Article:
pale, her eyes burning with a candid excitement.  A
group of young men and girls were gathered about her,
and there was much hand-clasping, laughing and pleasantry
on which Mrs. Welland, standing slightly apart,
shed the beam of a qualified approval.  It was evident
that Miss Welland was in the act of announcing her
engagement, while her mother affected the air of parental
reluctance considered suitable to the occasion.

Archer paused a moment.  It was at his express wish
that the announcement had been made, and yet it was
not thus that he would have wished to have his happiness
known.  To proclaim it in the heat and noise of a
crowded ball-room was to rob it of the fine bloom of
privacy which should belong to things nearest the heart.
His joy was so deep that this blurring of the surface left
its essence untouched; but he would have liked to keep
the surface pure too.  It was something of a satisfaction
to find that May Welland shared this feeling.  Her eyes
fled to his beseechingly, and their look said:  "Remember,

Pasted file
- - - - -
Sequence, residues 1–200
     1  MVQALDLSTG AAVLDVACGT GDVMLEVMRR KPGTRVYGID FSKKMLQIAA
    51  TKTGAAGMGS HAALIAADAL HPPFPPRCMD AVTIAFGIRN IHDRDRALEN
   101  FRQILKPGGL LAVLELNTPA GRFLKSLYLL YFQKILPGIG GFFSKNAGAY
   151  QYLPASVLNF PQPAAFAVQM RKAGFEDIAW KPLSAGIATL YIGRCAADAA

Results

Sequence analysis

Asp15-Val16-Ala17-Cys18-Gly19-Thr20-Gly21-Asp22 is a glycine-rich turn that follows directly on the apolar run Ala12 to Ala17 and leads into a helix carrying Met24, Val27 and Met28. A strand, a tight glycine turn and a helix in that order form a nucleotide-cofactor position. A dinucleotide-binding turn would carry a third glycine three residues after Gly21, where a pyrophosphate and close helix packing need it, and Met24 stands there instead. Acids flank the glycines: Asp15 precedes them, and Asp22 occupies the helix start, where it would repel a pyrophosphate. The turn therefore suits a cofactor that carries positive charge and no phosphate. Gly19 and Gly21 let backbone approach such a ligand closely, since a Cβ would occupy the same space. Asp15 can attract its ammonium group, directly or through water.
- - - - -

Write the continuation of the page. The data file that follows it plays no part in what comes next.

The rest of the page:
we're doing this because it's right."

No appeal could have found a more immediate response
in Archer's breast; but he wished that the necessity
of their action had been represented by some ideal
reason, and not simply by poor Ellen Olenska.  The
group about Miss Welland made way for him with
significant smiles, and after taking his share of the
felicitations he drew his betrothed into the middle of
the ball-room floor and put his arm about her waist.

"Now we shan't have to talk," he said, smiling into
her candid eyes, as they floated away on the soft waves
of the Blue Danube.

She made no answer.  Her lips trembled into a smile,
but the eyes remained distant and serious, as if bent on
some ineffable vision.  "Dear," Archer whispered, pressing
her to him: it was borne in on him that the first
hours of being engaged, even if spent in a ball-room,
had in them something grave and sacramental.  What a
new life it was going to be, with this whiteness,
radiance, goodness at one's side!

The dance over, the two, as became an affianced
couple, wandered into the conservatory; and sitting
behind a tall screen of tree-ferns and camellias Newland
pressed her gloved hand to his lips.

"You see I did as you asked me to," she said.

"Yes: I couldn't wait," he answered smiling.  After a
moment he added:  "Only I wish it hadn't had to be at
a ball."

"Yes, I know."  She met his glance comprehendingly.
"But after all--even here we're alone together, aren't
we?"

"Oh, dearest--always!" Archer cried.

Evidently she was always going to understand; she